Saturday, August 29, 2009

More on the Movie on St. Josemaria

Filming starts on biography of Opus Dei founder Print E-mail

By Mark Pattison - Catholic News Service

Friday, 28 August 2009

WASHINGTON (CNS) -- Filming has begun in Argentina on a biography of St. Josemaria Escriva de Balaguer, the founder of Opus Dei. The movie, "There Be Dragons," is expected to be released in the summer or fall of 2010.

Directing the film is Roland Joffe, whose past films include "The Mission" and "The Killing Fields."

Joffe, who also wrote the screenplay, said he was not told what to write or how to present either the saint or the group, a personal prelature within the church, after earlier rejecting an offer to film a script provided by Opus Dei.

The film is set at the time of the Spanish Civil War, which tore apart the European nation during the second half of the 1930s.

And, likening it to his own creative freedom, Joffe said St. Josemaria "made no attempt to influence the people he worked with in terms of their politics." The director spoke at an Aug. 23 press conference in Argentina that was conducted in English, Spanish and Portuguese; U.S. reporters were allowed to listen in.

"At that time, that's pretty heroic. That's a time when almost all human beings were faced with making extraordinary choices," he said.

Charlie Cox, whose past film credits include "Stardust" and "Casanova," plays the priest. Wes Bentley, who had parts in "Ghost Rider" and "American Beauty," plays Manolo, a friend of Josemaria's who goes in and out of his life. Ukrainian actress Olga Kurylenko, who has acted in "Quantum of Solace," "Hitman" and "Max Payne," plays Ildiko, a Hungarian woman who casts her lot with the Republican movement, which falls to the Francisco Franco-led rightist rebels.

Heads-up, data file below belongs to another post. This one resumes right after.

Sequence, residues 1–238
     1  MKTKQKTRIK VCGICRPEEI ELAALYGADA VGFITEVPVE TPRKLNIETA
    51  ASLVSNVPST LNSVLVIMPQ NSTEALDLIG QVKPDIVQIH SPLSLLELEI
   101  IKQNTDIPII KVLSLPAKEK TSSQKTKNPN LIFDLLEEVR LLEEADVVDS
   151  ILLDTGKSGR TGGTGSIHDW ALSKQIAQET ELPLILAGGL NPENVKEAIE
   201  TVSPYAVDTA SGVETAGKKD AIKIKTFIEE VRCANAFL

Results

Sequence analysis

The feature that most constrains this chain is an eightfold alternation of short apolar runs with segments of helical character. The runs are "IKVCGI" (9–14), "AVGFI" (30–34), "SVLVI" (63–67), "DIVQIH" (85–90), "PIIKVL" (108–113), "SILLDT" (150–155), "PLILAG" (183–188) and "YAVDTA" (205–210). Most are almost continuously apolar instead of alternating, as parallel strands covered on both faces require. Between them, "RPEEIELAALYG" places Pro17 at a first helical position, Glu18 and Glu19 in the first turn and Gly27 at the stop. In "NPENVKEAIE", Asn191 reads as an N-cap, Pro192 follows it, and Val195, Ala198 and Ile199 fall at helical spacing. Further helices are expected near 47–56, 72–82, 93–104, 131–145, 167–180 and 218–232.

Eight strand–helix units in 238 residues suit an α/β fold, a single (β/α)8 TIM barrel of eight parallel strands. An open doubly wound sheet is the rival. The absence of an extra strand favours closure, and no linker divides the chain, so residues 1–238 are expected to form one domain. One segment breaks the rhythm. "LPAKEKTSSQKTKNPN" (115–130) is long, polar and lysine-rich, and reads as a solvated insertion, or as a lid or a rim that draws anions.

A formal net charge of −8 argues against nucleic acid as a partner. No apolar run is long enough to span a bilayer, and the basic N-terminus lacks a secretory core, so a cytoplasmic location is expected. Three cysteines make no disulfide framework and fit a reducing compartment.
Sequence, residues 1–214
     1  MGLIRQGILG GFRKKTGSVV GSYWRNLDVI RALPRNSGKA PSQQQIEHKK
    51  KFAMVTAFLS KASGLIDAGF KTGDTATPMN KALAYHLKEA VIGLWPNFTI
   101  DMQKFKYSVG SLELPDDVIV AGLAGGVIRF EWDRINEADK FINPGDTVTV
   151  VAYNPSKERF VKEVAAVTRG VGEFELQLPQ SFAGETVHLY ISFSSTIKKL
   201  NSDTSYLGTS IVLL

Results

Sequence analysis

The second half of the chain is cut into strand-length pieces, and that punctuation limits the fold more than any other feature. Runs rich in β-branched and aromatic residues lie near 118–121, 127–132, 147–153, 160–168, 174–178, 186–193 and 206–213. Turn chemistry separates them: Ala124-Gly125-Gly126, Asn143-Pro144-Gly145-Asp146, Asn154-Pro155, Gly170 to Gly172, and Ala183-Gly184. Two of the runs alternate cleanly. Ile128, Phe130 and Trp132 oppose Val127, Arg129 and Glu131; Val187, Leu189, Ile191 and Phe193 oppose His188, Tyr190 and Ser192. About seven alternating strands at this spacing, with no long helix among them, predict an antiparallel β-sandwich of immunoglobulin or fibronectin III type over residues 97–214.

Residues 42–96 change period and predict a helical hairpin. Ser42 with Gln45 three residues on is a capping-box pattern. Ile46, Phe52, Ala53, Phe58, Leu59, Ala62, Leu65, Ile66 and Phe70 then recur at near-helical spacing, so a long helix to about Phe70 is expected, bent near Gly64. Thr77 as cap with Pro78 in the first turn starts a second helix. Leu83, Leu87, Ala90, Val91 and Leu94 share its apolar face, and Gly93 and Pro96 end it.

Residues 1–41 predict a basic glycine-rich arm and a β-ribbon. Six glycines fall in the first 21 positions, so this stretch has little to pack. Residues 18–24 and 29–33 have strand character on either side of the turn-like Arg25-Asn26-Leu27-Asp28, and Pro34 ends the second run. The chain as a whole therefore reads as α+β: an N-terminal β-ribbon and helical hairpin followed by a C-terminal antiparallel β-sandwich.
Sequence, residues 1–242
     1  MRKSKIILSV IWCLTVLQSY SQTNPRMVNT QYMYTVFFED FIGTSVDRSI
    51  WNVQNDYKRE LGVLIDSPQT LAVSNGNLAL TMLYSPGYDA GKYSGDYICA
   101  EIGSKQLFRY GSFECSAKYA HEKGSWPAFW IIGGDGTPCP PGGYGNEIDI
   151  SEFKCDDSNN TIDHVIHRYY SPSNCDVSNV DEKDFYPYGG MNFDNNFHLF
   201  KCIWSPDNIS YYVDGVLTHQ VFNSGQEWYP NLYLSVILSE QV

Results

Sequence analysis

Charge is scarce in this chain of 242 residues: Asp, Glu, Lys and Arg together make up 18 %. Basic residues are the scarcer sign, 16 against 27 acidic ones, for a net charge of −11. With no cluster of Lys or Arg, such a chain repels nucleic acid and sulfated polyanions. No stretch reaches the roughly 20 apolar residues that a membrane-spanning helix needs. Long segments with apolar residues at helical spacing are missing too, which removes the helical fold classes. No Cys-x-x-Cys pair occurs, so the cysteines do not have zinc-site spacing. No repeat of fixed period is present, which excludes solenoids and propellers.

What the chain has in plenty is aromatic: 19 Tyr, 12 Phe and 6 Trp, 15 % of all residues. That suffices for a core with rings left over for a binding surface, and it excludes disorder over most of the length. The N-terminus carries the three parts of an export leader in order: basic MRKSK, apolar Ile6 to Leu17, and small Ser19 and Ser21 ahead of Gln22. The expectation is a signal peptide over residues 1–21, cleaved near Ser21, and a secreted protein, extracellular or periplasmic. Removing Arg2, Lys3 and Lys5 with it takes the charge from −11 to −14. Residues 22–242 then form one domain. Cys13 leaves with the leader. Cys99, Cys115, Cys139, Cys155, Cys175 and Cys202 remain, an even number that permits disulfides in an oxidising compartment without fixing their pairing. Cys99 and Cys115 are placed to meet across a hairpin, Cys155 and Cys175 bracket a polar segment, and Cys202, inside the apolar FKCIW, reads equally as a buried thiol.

Other actors in "There Be Dragons" include Dougray Scott, Geraldine Chaplin, Derek Jacobi and Charles Dance.

"We found ourselves making a film about love -- human love and divine love. About hate -- which I guess is human -- about betrayal and mistakes," Joffe said. Further, "I don't know if there's anybody who wants to live his life without meaning. So it's also a story about people trying to find meaning about their lives, and that's a powerful kind of story."

Responding to a question about source material for the script, Joffe said, "I researched as much as any writer can. History is not available to us; attempts at history are available to us. As an artist, one takes a difficult step that fiction is a way of understanding the truth.

"There were certain liberties I could take if those liberties could take us to the personal issues that people felt," Joffe continued, saying he was taken with St. Josemaria's idea that "a way to God is found through everyday life. And that life is also found through the Spanish Civil War. That is still felt by Spaniards very much today."

"I've been to many Opus Dei centers, and met many Opus Dei members (in doing research for the movie). And I've yet to encounter anything odd-seeming," said Cox. "I've been brought up a Catholic. I'm not a great practicing Christian. I've been to church infrequently, but I've never stopped going."

Cox added there is "an inner journey I've been going on during this film. I don't know where it will lead. My relationship with the Catholic Church and with God has certainly been profoundly affected for the better throughout this process," he added.

Asked whether he thought St. Josemaria was really a saint, Cox answered, "It's an impossible question to answer. ... I have to leave that up to the Catholic Church and not to myself."

Joffe recalled that when he made "The Mission," which dealt with Jesuit missionary activity in South America at the time of the slave trade, he used two Jesuits as advisers: a "very, very right-wing Jesuit -- those things do exist -- and a left-wing Jesuit, Father Daniel Berrigan."

He said he asked Father John Wauck, an Opus Dei priest who is a professor of literature and communication of the faith at the Pontifical University of the Holy Cross in Rome, "whether he'd serve the same purpose as Daniel Berrigan -- explain to Charlie (Cox) what he knew about Josemaria ... in as open and honest way as he could, what it means to be a priest. That's what he gave up his rather precious time to do, and I'm grateful for it."

When one questioner asked whether he thought "There Be Dragons" was some kind of response to the movie "The Da Vinci Code," which characterized Opus Dei as a bizarre cult, Joffe replied, "Well, it'd be a very expensive response." The price tag of "There Be Dragons" is estimated at $30 million.

"'The Da Vinci Code' stands on its own legs, whatever they may be," he added. "I think they took a rather cliched view and created a character and said he came from Opus Dei, and that is a bit much. But it's a fine movie."

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